Tuesday, November 15, 2011


Somewhere in Indiana: 2002

The road seems never ending. It has been three hours going through the motions and I feel as if I’m nowhere near Indy. My legs have grown stiff, the pain is unbearable. Something told me this sixty mile ride was going to be a lot harder than I initially thought, but my god I had no idea my legs would fall off from it!

Mile thirty and the acid in my legs could have burnt a hole straight to China. I decided it was best to grab some food, but since my work ethic allows for only one day of work a week, it would have to come by way of five finger discount. I lean the bike, which was freshly assembled by my own hands by way of our friendly neighborhood bike project, on the side of the nearest supermarket and commence with one of the invaluable skills I picked up through my turbulent early years. Of course it was mainly candy I stole with the exception of a box of pop tarts. The whole load was consumed in a frenzy which gave my legs just enough time to completely lock up on themselves, a pain the magnitude of which had not been felt in years.

A little under an hour and about four self massages later, the trek resumed but only for about another hour or so. As soon as my front wheel crossed the city limits I called it some kind of victory and phone my mom to come get my sorry ass.

I am slowly leaving what I know to chase my sleepless nights away. Although this is the first real trek alone into that which I have no idea about, I have been running my entire life. I ride alone now because this is how it had to be done then, alone.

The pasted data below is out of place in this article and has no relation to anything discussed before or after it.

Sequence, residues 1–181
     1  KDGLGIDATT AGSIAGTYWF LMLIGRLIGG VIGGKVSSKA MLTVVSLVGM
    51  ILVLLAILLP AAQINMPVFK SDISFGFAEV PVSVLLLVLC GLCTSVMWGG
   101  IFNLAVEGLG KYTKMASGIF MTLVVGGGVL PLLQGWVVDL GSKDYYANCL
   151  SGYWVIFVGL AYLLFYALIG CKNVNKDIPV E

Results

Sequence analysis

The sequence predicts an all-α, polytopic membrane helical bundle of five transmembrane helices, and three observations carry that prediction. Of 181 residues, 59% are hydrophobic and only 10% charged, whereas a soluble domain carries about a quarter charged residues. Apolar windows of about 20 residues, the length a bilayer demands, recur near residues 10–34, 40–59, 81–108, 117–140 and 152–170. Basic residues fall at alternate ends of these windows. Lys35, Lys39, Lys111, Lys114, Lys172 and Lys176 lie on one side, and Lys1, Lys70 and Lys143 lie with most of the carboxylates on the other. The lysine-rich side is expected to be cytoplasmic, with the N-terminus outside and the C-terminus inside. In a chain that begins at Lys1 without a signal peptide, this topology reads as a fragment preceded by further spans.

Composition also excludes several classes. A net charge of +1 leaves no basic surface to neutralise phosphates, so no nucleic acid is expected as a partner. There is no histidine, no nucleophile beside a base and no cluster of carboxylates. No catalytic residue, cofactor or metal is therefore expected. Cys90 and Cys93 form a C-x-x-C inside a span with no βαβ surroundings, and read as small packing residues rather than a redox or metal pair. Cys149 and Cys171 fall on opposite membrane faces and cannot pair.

It was under my mother’s very roof that madness painted image after image into my fragile developing mind. He never truly knew what he was doing, never had a good example of a father and because of that, neither did I.

Upon arrival at my mom’s, I settled myself into the scalding waters of an Epsom salt bath, letting the salty sweat residue break from my skin. I had never felt water so cuddly. While falling asleep my mind wandered.

My life was mine, a fact never realized until a death tickled psyche kicked my teeth in the night. I decided to wake up and be ready for the next kick so as to not get surprised at the sight of blood. And so, my dreams set me off on a life I knew would be hard.

While drying off, the mirror stared me down. It doubted me. I collapsed under the weight of shame as I had been doing since my stepfather came into my life. At this point, with love and support, I am a mountain, alone, I’m just a sandcastle in the way of the rising tide but life cannot always be led completely surrounded, not physically at least. I now pack my friends and their effect on me tightly up in my mind and carry them with me wherever I go.

I toweled off, mom had dinner waiting with an I told you so grin for dessert. She told me originally that she would just come down and then drive me back up from Bloomington. My sheepish smile translated my cares, which were none, and we ate under the excitement of my new relationship with life.

I had found my way out of the caves, but I had yet to find their end. Before dinner I was decided to wander both ways, inside and out, until I fell from exhaustion. It was not known at that time that it would not stop even then. No, it would intensify with every fall because with every journey that likened death, stood another chamber to the caves and another sun to chase into the outside world.

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